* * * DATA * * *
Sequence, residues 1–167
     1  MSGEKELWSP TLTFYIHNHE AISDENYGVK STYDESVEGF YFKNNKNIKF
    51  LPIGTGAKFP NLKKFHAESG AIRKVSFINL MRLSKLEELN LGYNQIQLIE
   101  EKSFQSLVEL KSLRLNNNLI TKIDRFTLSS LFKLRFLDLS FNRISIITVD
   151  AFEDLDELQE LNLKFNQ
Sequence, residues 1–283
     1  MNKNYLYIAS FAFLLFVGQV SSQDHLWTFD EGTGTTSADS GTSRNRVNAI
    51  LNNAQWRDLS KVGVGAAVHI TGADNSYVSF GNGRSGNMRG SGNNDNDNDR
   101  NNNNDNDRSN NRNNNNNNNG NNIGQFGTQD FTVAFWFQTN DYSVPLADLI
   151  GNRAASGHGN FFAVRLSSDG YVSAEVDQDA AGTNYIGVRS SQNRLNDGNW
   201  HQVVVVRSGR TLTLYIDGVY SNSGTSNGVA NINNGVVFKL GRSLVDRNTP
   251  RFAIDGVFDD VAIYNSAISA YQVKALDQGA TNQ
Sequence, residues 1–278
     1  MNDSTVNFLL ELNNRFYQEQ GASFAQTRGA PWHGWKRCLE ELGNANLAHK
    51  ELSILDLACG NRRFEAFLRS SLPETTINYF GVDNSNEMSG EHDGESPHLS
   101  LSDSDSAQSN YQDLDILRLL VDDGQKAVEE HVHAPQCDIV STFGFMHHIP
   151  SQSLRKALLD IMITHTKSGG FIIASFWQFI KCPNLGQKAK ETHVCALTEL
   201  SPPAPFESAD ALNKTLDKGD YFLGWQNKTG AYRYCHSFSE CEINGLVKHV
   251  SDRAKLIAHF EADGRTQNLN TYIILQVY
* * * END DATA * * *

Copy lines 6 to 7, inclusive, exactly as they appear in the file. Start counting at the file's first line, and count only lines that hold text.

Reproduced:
Sequence, residues 1–283
     1  MNKNYLYIAS FAFLLFVGQV SSQDHLWTFD EGTGTTSADS GTSRNRVNAI